Fans remember terrorist attacks

An American flag is unfurled in the outfield at PNC Park, Monday, prior to a baseball game between the Milwaukee Brewers and Pittsburgh Pirates. A pregame ceremony was held to honor those killed on Sept. 11, 2001, in Shankesville, Pa., aboard Flight 93, a The Associated Press

By The Associated Press

With flags, flyovers and moments of silence, baseball and football stadiums across the country Monday night were set to mark the fifth anniversary of the terrorist attacks.

Nine games were on the baseball schedule, including the New York Mets at Miami. The NFL featured two games – Minnesota at Washington and San Diego at Oakland.

“Major League Baseball joins all of America today to remember and reflect upon the horrific events that took place five years ago,” commissioner Bud Selig said. “We share deep and profound sorrow with those who lost loved ones on that terrible day.”

More than 90,000 American flags were to be distributed to fans at the Vikings-Redskins game in Landover, Md., about 12 miles from the site where an American Airlines plane crashed into the Pentagon, killing 184 people.

Gen. Peter Pace, chairman of the Joint Chiefs of Staff, was to serve as honorary observer for the pregame coin toss, the team said. The Joint Military Chorus was to sing the national anthem, followed by a flyover by Army Apache helicopters.

In the second game of a rare Monday night NFL doubleheader, four F-16 Fighting Falcons from the 144th Fighter Wing of the California Air National Guard were to perform a fly-by maneuver in Oakland.

In baseball, Mets and Marlins players were to wear seven different caps, honoring the first responders and others who worked the rescue effort at the World Trade Center. There was to be a moment of silence at 9:11 p.m.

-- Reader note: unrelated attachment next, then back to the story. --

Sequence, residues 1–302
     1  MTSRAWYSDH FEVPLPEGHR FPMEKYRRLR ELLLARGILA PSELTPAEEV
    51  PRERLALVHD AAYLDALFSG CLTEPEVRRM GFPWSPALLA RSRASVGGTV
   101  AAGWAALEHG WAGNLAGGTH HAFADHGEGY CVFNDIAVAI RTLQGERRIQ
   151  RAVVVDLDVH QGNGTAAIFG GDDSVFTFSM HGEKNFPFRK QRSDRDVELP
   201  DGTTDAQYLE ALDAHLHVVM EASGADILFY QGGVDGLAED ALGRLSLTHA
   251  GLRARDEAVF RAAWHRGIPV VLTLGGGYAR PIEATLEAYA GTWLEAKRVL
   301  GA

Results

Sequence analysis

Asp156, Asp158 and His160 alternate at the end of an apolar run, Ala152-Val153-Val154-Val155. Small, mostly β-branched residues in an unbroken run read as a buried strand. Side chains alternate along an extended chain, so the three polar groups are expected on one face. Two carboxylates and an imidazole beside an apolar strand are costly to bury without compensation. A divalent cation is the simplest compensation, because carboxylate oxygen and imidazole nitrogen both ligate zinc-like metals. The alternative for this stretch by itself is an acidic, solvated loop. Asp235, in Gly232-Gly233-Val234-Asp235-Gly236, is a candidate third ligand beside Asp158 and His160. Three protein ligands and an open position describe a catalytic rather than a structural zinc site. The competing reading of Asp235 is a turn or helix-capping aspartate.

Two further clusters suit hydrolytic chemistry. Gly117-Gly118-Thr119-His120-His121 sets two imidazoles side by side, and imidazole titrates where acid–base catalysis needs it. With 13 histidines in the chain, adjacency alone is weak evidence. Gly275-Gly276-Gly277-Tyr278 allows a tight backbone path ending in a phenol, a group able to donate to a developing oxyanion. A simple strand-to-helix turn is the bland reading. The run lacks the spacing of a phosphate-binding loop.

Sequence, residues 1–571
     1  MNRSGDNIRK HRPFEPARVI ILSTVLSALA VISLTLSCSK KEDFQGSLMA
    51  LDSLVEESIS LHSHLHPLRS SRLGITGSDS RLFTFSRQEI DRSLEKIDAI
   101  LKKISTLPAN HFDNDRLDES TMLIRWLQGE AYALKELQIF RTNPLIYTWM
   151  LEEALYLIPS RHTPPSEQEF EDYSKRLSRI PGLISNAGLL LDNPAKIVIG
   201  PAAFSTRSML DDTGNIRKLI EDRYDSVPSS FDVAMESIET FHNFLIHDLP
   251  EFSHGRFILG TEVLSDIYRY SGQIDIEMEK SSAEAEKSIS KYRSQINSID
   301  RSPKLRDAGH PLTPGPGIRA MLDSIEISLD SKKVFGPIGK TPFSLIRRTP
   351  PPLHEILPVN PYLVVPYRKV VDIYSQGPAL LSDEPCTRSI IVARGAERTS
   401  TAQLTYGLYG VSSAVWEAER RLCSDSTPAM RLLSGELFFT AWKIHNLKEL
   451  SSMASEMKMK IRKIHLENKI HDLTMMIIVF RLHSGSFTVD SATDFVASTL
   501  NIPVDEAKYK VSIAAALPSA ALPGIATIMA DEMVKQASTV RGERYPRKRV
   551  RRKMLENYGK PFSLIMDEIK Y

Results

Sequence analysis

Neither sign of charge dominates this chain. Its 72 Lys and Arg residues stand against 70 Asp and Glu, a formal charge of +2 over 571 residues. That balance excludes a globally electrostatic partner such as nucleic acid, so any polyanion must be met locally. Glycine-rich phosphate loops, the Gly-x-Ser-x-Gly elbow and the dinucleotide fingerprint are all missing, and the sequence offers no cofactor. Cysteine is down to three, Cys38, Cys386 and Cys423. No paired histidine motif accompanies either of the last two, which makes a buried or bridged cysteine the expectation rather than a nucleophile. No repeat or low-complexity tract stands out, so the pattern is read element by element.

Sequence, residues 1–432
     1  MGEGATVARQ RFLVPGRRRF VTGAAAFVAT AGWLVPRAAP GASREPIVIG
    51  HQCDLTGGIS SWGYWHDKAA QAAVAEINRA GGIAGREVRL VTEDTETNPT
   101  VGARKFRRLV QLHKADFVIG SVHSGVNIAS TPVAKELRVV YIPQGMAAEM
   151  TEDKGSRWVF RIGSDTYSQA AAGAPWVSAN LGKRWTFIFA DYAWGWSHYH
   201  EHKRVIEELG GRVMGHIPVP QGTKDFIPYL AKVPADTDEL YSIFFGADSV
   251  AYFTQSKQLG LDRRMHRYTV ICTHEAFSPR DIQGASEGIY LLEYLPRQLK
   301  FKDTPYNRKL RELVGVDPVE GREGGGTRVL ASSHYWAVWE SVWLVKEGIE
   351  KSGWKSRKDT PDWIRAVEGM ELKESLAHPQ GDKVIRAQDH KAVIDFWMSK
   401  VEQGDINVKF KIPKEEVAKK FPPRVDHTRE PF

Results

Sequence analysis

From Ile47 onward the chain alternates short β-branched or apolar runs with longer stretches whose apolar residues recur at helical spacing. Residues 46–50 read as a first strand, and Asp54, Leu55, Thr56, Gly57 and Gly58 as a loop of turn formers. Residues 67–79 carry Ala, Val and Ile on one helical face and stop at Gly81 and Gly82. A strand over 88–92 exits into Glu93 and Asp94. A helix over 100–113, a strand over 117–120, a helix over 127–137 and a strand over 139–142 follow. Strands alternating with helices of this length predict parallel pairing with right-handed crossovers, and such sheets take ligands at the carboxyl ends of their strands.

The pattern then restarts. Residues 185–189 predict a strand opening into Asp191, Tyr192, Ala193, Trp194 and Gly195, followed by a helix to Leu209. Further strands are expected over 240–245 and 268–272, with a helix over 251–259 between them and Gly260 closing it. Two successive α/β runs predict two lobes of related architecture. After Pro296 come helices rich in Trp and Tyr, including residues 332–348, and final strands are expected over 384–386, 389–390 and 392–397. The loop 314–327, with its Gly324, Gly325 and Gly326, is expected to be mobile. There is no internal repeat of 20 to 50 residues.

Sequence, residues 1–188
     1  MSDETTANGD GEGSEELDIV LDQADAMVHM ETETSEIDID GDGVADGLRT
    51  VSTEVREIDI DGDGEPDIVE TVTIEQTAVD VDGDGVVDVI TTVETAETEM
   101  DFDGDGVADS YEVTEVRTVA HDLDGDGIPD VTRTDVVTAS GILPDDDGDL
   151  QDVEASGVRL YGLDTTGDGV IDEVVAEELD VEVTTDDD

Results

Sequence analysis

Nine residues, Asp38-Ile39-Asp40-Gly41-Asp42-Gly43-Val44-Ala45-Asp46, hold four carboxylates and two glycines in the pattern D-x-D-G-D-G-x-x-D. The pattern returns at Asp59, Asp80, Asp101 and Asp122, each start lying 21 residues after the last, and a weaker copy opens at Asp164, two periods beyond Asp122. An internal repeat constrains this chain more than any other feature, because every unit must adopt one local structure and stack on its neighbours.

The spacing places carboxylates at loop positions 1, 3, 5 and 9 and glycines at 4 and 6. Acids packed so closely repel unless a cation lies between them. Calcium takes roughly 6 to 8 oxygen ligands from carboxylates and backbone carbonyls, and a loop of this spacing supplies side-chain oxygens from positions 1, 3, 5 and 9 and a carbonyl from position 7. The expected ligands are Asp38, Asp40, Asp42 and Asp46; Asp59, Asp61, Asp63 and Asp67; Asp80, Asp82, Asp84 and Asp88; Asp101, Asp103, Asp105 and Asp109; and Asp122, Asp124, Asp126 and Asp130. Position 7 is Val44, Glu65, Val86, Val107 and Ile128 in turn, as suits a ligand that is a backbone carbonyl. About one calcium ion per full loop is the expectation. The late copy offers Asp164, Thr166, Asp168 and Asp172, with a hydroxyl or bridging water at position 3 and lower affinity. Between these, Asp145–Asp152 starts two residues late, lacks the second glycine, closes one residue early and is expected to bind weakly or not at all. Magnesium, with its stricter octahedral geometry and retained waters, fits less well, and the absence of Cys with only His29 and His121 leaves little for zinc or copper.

“We remember with great fondness and admiration the heroic efforts of those – the firefighters, the policemen and women, and the health care workers – who risked their lives to help and save those who were in harm’s way,” Selig said. “It is not a day none of us will ever forget, nor should we.”

The hats represented the New York police and fire departments, Port Authority Police, Office of Emergency Management, New York Court Officers and Emergency Medical Service paramedic and technician divisions.

“Just hearing you talk about 9/11 again sort of gave me chills,” Marlins first baseman Mike Jacobs said. “I still remember when it happened and where I was at. My mom came running in the room, told me to turn on the TV. That aside, it’s still special to play baseball on a day like this.”

At Pittsburgh, more than 50 United Flight 93 family members were to attend the Pirates’ game. Also planned was a video tribute to the passengers and crew members who thwarted a possible attack on the nation’s capital by causing the plane to crash in a field in Shanksville, east of Pittsburgh.

A 60-foot by 90-foot American flag was to be unfurled by members of the United States Armed Forces. The flag was sewn by high school students in Palatine, Ill., following the attacks and given to the Flight 93 National Memorial. The flag was made from 165 red, white and blue bed sheets.

“It is important that we remember and pay tribute to all those who lost their lives that tragic day,” Pirates chief executive Kevin McClatchy said. “The people aboard Flight 93 were true heroes. They gave their lives, so that others would not be taken.”

Before the New York Yankees played at Baltimore, retired New York City firefighter Bill Spade was to be honored. He was the only firefighter from Rescue Company 5 to survive.

Other pregame ceremonies honoring the heroes will be held before and during games in Anaheim, Minneapolis, Seattle, Atlanta, St. Louis and Arizona.

At Minneapolis, players and coaches were to wear Sept. 11 ribbons on their caps.

In Atlanta, Braves’ players were to sign autographs for a minimum $5 donation to go to the World Trade Center Memorial Fund.